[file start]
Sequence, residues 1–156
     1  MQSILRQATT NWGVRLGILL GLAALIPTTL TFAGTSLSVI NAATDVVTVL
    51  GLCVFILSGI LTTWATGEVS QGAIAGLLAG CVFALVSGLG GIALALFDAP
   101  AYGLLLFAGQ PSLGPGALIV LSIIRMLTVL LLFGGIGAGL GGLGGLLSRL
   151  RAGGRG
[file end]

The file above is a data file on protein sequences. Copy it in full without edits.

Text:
Sequence, residues 1–156
     1  MQSILRQATT NWGVRLGILL GLAALIPTTL TFAGTSLSVI NAATDVVTVL
    51  GLCVFILSGI LTTWATGEVS QGAIAGLLAG CVFALVSGLG GIALALFDAP
   101  AYGLLLFAGQ PSLGPGALIV LSIIRMLTVL LLFGGIGAGL GGLGGLLSRL
   151  RAGGRG